“Hard to say. Fairly good. They’re organized. They know exactly what they’re doing. Once they start they go like a horde of locusts. They have to keep moving, and fast. It’s secrecy and speed they depend on. Surprise. They push their way in before anyone has any idea.”
“I see,” Hendricks murmured.
From the other room Tasso stirred. “Major?”
Hendricks pushed the curtain back. “What?”
Tasso looked up at him lazily from the cot. “Have you any more American cigarettes left?”
Hendricks went into the room and sat down across from her, on a wood stool. He felt in his pockets. “No. All gone.”
“What nationality are you?” Hendricks asked after awhile.
“How did you get here?”
“This used to be France. This was part of Normandy. Did you come with the Soviet army?”
“Just curious.” He studied her. She had taken off her coat, tossing it over the end of the cot. She was young, about twenty. Slim. Her long hair stretched out over the pillow. She was staring at him silently, her eyes dark and large.
“What’s on your mind?” Tasso said.
“Nothing. How old are you?”
“Eighteen.” She continued to watch him, unblinking, her arms behind her head. She had on Russian army pants and shirt. Gray-green. Thick leather belt with counter and cartridges. Medicine kit.
“You’re in the Soviet army?”
“Where did you get the uniform?”
She shrugged. “It was given to me,” she told him.
“How—how old were you when you came here?”
Her eyes narrowed. “What do you mean?”
Hendricks rubbed his jaw. “Your life would have been a lot different if there had been no war. Sixteen. You came here at sixteen. To live this way.”
“I had to survive.”
“I’m not moralizing.”
“Your life would have been different, too,” Tasso murmured. She reached down and unfastened one of her boots. She kicked the boot off, onto the floor. “Major, do you want to go in the other room? I’m sleepy.”
“It’s going to be a problem, the four of us here. It’s going to be hard to live in these quarters. Are there just the two rooms?”
“How big was the cellar originally? Was it larger than this? Are there other rooms filled up with debris? We might be able to open one of them.”
“Perhaps. I really don’t know.” Tasso loosened her belt. She made herself comfortable on the cot, unbuttoning her shirt. “You’re sure you have no more cigarettes?”
“I had only the one pack.”
“Too bad. Maybe if we get back to your bunker we can find some.” The other boot fell. Tasso reached up for the light cord. “Good night.”
“You’re going to sleep?”
The room plunged into darkness. Hendricks got up and made his way past the curtain, into the kitchen.
And stopped, rigid.
Rudi stood against the wall, his face white and gleaming. His mouth opened and closed but no sounds came. Klaus stood in front of him, the muzzle of his pistol in Rudi’s stomach. Neither of them moved. Klaus, his hand tight around his gun, his features set. Rudi, pale and silent, spread-eagled against the wall.
“What—” Hendricks muttered, but Klaus cut him off.
“Be quiet, Major. Come over here. Your gun. Get out your gun.”
Hendricks drew his pistol. “What is it?”
“Cover him.” Klaus motioned him forward. “Beside me. Hurry!”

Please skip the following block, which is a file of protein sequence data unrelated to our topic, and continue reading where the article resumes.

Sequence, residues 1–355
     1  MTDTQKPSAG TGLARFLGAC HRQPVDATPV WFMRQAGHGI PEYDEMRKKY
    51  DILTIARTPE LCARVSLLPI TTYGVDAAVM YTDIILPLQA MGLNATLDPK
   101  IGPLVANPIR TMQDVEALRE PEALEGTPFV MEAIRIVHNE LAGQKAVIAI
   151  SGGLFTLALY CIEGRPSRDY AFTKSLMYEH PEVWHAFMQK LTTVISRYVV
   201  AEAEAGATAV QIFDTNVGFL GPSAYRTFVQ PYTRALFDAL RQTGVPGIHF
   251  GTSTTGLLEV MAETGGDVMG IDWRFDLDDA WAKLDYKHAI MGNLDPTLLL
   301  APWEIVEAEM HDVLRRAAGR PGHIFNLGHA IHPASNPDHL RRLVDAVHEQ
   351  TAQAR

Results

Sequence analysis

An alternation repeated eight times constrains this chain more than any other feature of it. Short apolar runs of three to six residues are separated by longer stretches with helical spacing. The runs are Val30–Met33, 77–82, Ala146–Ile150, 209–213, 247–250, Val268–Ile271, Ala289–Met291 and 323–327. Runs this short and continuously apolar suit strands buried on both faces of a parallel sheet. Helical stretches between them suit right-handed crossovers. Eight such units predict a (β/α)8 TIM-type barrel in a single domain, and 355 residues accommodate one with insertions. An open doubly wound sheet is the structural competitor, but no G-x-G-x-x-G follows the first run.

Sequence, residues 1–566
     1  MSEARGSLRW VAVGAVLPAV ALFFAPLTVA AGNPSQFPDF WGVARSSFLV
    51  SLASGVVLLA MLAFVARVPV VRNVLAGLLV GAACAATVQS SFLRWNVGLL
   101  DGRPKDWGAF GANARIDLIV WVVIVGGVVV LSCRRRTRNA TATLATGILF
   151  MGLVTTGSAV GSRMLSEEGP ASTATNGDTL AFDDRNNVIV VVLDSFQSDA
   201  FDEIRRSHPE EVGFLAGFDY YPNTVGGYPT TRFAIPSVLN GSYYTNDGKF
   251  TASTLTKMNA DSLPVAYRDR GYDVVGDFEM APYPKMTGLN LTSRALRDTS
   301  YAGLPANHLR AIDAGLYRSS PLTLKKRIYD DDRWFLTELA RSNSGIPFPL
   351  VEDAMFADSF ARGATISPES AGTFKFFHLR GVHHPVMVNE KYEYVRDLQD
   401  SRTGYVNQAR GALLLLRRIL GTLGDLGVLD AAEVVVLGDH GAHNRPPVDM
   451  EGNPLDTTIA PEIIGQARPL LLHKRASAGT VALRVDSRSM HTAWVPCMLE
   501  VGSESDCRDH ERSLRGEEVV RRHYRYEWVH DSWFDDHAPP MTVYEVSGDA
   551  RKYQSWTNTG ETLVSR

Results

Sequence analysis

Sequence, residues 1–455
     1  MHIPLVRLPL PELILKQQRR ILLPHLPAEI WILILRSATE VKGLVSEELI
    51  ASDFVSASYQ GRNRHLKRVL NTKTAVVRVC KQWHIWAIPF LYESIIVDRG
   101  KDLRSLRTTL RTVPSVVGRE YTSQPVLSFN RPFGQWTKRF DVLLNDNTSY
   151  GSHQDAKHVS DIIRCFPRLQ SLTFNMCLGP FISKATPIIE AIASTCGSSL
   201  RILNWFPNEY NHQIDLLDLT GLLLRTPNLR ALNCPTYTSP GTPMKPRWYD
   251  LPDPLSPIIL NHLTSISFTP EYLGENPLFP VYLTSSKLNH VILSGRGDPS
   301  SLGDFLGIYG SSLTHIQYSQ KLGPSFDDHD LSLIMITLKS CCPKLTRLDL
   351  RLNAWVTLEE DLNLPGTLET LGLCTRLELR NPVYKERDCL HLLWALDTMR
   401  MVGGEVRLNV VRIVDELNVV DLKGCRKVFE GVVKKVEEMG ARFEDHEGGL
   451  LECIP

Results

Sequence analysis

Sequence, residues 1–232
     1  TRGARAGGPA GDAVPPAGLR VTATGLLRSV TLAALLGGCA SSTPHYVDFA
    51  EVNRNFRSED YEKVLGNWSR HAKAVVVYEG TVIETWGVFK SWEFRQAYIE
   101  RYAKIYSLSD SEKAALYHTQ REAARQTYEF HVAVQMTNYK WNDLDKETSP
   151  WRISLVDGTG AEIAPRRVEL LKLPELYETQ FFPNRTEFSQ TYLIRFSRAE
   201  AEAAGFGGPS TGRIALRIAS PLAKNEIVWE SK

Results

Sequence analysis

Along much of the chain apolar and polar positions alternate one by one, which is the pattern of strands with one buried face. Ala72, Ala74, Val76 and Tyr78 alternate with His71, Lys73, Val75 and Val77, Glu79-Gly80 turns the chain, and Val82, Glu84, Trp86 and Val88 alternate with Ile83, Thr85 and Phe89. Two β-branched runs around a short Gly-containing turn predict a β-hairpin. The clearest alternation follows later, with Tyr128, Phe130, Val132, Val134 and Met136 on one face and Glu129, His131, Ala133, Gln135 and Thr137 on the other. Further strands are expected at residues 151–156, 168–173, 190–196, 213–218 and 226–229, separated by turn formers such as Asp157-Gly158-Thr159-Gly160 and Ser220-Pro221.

Rudi moved a little, lowering his arms. He turned to Hendricks, licking his lips. The whites of his eyes shone wildly. Sweat dripped from his forehead, down his cheeks. He fixed his gaze on Hendricks. “Major, he’s gone insane. Stop him.” Rudi’s voice was thin and hoarse, almost inaudible.
“What’s going on?” Hendricks demanded.
Without lowering his pistol Klaus answered. “Major, remember our discussion? The Three Varieties? We knew about One and Three. But we didn’t know about Two. At least, we didn’t know before.” Klaus’ fingers tightened around the gun butt. “We didn’t know before, but we know now.”
He pressed the trigger. A burst of white heat rolled out of the gun, licking around Rudi.
“Major, this is the Second Variety.”
Tasso swept the curtain aside. “Klaus! What did you do?”
Klaus turned from the charred form, gradually sinking down the wall onto the floor. “The Second Variety, Tasso. Now we know. We have all three types identified. The danger is less. I—”
Tasso stared past him at the remains of Rudi, at the blackened, smouldering fragments and bits of cloth. “You killed him.”
“Him? It, you mean. I was watching. I had a feeling, but I wasn’t sure. At least, I wasn’t sure before. But this evening I was certain.” Klaus rubbed his pistol butt nervously. “We’re lucky. Don’t you understand? Another hour and it might—”
“You were certain?” Tasso pushed past him and bent down, over the steaming remains on the floor. Her face became hard. “Major, see for yourself. Bones. Flesh.”
Hendricks bent down beside her. The remains were human remains. Seared flesh, charred bone fragments, part of a skull. Ligaments, viscera, blood. Blood forming a pool against the wall.
“No wheels,” Tasso said calmly. She straightened up. “No wheels, no parts, no relays. Not a claw. Not the Second Variety.” She folded her arms. “You’re going to have to be able to explain this.”
Klaus sat down at the table, all the color drained suddenly from his face. He put his head in his hands and rocked back and forth.
“Snap out of it.” Tasso’s fingers closed over his shoulder. “Why did you do it? Why did you kill him?”
“He was frightened,” Hendricks said. “All this, the whole thing, building up around us.”
“What, then? What do you think?”
“I think he may have had a reason for killing Rudi. A good reason.”
“Maybe Rudi learned something.”
Hendricks studied her bleak face. “About what?” he asked.
“About him. About Klaus.”